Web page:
Grex QuickStart Guide

About this QuickStart Guide

This QuickStart guide gives a brief overview of the WestGrid Grex facility, highlighting some of the features that distinguish it from other WestGrid resources. It is intended to be read by new WestGrid account holders and by current users considering whether to move to the Grex system. For more detailed information about the Grex hardware and performance characteristics, available software, usage policies and how to log in and run jobs, follow the links given below.


Grex is a SGI Altix XE 1300 cluster with 3792 cores. It is intended for parallel applications that can take advantage of either the non-blocking low latency Infiniband network or the large memory per compute node.

Grex is latin for herd and serves as an alias for two login nodes


The login nodes are named from the Bovine family of animals.

Click for image of Grex



The Grex cluster consists of 316 compute nodes, each with two 6-core Intel Xeon X5650 2.66GHz processors (Intel Westmere architecture). 24 compute nodes have 96GB of memory and the remaining 292 nodes have 48GB of memory.


All compute nodes are connected by a non-blocking Infiniband 4X QDR network.


The storage system is deployed through a DDN S2A9900 system. The file systems are listed in the following table:

File system Size Quota
(per user)
Purpose Backup policy
/home 7TB 10GB Home
Weekly backup
/global/scratch 95TB 1000GB Global scratch No backup

Between 150GB-2TB

  per compute node

Request space
when submitting

job (-l file=size)

Deleted when the
job is completed



On Grex, a variety of user software (Gaussian, GAMESS-US, ORCA, SIESTA, VMD, VASP etc.), compilers (Intel Fortran/C/C++ and GNU GCC compiler suites) and performance libraries (Intel MKL, GotoBLAS) is preinstalled for general use. Right now, two distributions of message passing libraries are supported: Intel MPI 4 and OpenMPI 1.6.1. Generally, the software installed on Grex is available via "environment modules"; to review and access it, use module avail command. For more complete list of application software, compilers,  mathematical and graphical libraries see the main WestGrid software page tables.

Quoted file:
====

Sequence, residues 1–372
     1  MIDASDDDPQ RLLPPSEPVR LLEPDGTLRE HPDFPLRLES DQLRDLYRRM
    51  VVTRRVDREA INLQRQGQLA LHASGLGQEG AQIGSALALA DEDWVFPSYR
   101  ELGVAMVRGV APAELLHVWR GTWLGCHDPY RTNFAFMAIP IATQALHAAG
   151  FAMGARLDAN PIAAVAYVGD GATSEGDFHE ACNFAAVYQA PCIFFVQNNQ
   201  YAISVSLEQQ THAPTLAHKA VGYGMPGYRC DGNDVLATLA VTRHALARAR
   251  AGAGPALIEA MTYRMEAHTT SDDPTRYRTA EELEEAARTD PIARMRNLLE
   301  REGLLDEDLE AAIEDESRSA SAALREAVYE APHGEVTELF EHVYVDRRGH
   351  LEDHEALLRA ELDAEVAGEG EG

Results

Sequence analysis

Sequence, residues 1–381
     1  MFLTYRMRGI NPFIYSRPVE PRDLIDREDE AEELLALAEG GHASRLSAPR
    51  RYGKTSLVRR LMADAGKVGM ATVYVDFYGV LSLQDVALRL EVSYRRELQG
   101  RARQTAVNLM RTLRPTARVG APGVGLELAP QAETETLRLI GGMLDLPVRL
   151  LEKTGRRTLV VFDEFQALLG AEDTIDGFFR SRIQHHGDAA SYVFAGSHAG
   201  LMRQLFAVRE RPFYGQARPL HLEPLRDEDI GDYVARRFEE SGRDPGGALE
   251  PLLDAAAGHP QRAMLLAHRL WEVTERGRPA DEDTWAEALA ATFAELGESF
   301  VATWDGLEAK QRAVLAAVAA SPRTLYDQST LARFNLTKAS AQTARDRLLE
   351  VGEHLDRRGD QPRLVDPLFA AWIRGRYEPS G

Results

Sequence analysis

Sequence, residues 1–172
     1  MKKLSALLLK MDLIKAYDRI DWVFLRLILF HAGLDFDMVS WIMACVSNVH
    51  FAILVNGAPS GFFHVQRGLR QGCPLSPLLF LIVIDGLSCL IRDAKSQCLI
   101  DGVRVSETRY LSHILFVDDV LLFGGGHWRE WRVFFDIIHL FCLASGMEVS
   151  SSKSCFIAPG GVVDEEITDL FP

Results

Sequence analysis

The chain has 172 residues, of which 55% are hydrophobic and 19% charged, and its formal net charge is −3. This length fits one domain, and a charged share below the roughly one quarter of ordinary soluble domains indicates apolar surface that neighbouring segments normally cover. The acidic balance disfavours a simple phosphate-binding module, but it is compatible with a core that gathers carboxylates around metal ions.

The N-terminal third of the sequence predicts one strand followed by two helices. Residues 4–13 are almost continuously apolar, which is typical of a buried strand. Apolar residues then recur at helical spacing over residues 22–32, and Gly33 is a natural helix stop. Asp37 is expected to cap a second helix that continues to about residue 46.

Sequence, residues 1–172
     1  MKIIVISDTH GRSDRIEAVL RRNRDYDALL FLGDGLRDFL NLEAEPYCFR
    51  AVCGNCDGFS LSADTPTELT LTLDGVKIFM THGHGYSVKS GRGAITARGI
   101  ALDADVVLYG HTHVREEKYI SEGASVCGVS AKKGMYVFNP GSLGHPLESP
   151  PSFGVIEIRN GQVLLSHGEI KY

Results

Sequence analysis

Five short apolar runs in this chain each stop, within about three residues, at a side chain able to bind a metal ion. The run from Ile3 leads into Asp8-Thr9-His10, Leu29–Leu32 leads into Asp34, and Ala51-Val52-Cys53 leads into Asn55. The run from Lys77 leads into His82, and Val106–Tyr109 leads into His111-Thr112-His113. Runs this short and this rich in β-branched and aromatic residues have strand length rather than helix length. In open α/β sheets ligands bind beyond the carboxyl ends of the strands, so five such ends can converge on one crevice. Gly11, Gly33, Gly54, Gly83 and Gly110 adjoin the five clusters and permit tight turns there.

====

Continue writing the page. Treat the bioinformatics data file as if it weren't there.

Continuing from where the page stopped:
Please write to WestGrid support if there is additional software that you would like installed on Grex.

Using Grex

Logging In

To log in to Grex, connect to  using an ssh (secure shell) client. For more information about connecting and setting up your environment, see the QuickStart Guide for New Users.

Compiling and Running Jobs

The login nodes can be used to compile code and to run short interactive and/or test runs. All other jobs must be submitted to the batch system. Normally, you would need to chose a compiler suite (Intel or GCC) and, in case of parallel applications, a MPI library (OpenMPI or Intel MPI). By default, Intel 12.0.3 compilers with OpenMPI libraries are loaded. If you want to change that, issue module purge command to unload them, and then use module load to select the combination of the compilers and libraries you need.

As on other WestGrid systems, batch jobs are handled by a combination of TORQUE and Moab software. For more information about submitting batch jobs, see Running Jobs. Grex now enforces memory limits for the TORQUE batch jobs. Jobs that do not specify memory (mem or pmem parameters in qsub) explicitly, will be assigned the default pmem=256mb value. Note that unlike some of the other Westgrid systems, vmem and pvmem resource requests on Grex should not be used.

The /home file sytem on Grex is not designed for heavy I/O operations. Therefore, it is important that jobs that require significant amount of I/O are not run from /home/<username>.  Instead, /global/scratch/<username> should be used all such jobs.

Batch Job Policies

The following polices are implemented on Grex

  • The default walltime is 3 hours
  • The default amount of memory per processor (pmem parameter) is 256MB. Memory limits are now enforced, so an accurate estimate of memory resource should be provided.
  • The maximum walltime is 21 days for Gaussian jobs and 7 days for all other jobs. 
  • The maximum number of processor-days for all currently running jobs for a single user is 2,800 processor-days.  (Attempting to exceed that limit will lead to an error message about MAXPS - maximum processor-seconds.)
  • The maximum number of jobs that a user may have queued to run is 4000. The maximum size of an array job is 2000.
  • As of this writing (2013-01-14), groups of users without a Resource Allocation Committee award are allowed to simultaneously use only up to 300 CPU cores per accounting group.

Updated 2013-01-14.